If I’ve learned anything befriending minitruckers it’s that ‘finished’ is never really finished, and low is never really low enough, and Steve Woodward’s Mazda B1800 is a rolling example of this.
A seven-year project full of twists, turns, and endless stories this truck embodies the creativity, originality, and fabrication mastery all of the best minitruck builds are known for.
Originally planning to hunt down a Ford Courier –the sister version of this truck– Steve admits that as soon as he discovered the B1800 it was love at first sight.
With the Courier a distant memory Steve purchased the truck you see today for a song and got to work.
In short order it was black and laid out over green steelies sporting Caddy tails and a traditional body drop. It was at this point Steve took a step back, looked at the truck and realized there was so much more potential in this unique platform.
Lacking rockers from the first time it was bodied the truck already sat pretty low, but more low was to be had, so he stock floor body dropped it an additional two inches. This means the truck was bodied a total of 4.5 inches over all.
At its new resting height the factory roof line looked a little unbecoming so Steve remedy that by chopping the roof 2.5 inches.
While performing the roof chop sanding revealed the trucks several different paint jobs throughout the years, and not wanting to lose any of that newly discovered character Steve opted not to re-spray the truck its original yellow colour.
Instead he strategically spray a thinned sand stone colour onto the body. Once dry brown was sprayed over the sandstone/patina mix, and finally everything was sanded back again to create the incredibly unique finish you see today.
The originality found in this build doesn’t end with the finish however as the interior is one of the trucks best features.
Between the custom leather wrapped door panels homages to Steve’s skateboarding roots are found. The dash and center console have also been wrapped in the same brown leather as the doors, while the seats wear a lighter hue.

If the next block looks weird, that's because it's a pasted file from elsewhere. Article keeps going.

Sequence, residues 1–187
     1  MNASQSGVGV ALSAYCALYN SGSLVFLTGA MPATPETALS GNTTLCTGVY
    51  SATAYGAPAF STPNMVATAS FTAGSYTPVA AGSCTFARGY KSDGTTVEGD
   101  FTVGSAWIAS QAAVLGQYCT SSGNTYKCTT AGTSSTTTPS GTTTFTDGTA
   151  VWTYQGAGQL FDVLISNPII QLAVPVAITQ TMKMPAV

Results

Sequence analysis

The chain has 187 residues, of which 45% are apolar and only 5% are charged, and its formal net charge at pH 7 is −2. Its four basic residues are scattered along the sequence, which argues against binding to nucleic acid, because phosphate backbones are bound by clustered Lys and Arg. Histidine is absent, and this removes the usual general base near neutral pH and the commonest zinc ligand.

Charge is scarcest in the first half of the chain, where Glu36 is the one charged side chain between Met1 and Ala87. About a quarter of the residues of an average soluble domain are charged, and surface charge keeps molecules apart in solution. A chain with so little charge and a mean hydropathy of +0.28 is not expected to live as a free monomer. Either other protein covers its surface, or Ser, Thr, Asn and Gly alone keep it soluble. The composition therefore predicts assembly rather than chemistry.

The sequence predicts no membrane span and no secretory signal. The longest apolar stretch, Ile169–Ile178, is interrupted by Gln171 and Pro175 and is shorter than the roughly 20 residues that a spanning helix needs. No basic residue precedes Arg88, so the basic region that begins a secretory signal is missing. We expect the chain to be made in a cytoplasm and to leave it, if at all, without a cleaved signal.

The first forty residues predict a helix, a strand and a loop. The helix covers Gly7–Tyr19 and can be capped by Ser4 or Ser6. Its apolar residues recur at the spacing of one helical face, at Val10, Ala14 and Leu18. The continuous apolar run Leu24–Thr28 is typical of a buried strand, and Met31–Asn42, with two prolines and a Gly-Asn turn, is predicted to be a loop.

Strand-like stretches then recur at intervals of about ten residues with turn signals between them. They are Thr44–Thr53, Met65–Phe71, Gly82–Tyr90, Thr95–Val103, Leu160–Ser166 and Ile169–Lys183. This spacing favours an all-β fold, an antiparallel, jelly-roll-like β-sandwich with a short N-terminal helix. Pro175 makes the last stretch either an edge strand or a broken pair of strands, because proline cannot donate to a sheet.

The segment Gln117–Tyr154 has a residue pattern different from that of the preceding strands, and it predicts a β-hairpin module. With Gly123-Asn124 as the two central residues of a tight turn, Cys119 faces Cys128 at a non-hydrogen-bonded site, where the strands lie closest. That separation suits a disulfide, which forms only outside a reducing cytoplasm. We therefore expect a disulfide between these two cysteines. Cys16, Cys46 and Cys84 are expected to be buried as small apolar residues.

Those same seats are custom one-off units built by Steve and while he admits they might not be the most comfortable things in the world, few would argue that the sacrifice in comfort isn’t worth the final look.
The chassis of the truck is another completely custom creation that was fabricated with help from Steve’s friend Rich.
Built around a narrowed ’86 Toyota front clip and 14″ narrowed Ford 8.8 posi rear end this chassis is what allows the truck to swallow Coy 18″ alloys.
Managed by an Accuair E-level set-up it lays with the best of them while being a better handler than many are willing to admit.
Since the body drop would leave any motor protruding through the hood Steve picked one that would be a focal point, a seldom used, yet fairly potent 2.3L Ford turbo mill.
The combination of vital components sitting above the hood and inter-cooler peeking up past the bumper gives this truck a very distinctive, unmistakable, front end.
A previous SEMA showcased vehicle, and now the flagship vehicle for his Alberta based shop Bag Barn, it seems as though this truck might be finally finished but considering his new line of work I wouldn’t bet on it.
Be sure to follow Steve’s progress with his new shop on Facebook, and instagram!
Also be sure to follow Calgary photographer at large Mike McConnell and his exploits with the Dub Dynasty.
I’m looking at it & still can’t figure out how you sit in that thing. Are your feet just going straight out like your feet are on an ottoman?
Yep your feet go straight forward. Symptom of the tremendous body drop.
Hi there just wondering what did you get the 2.3 engine off of. I just got a 74 ford courier and I like the engine looks in yours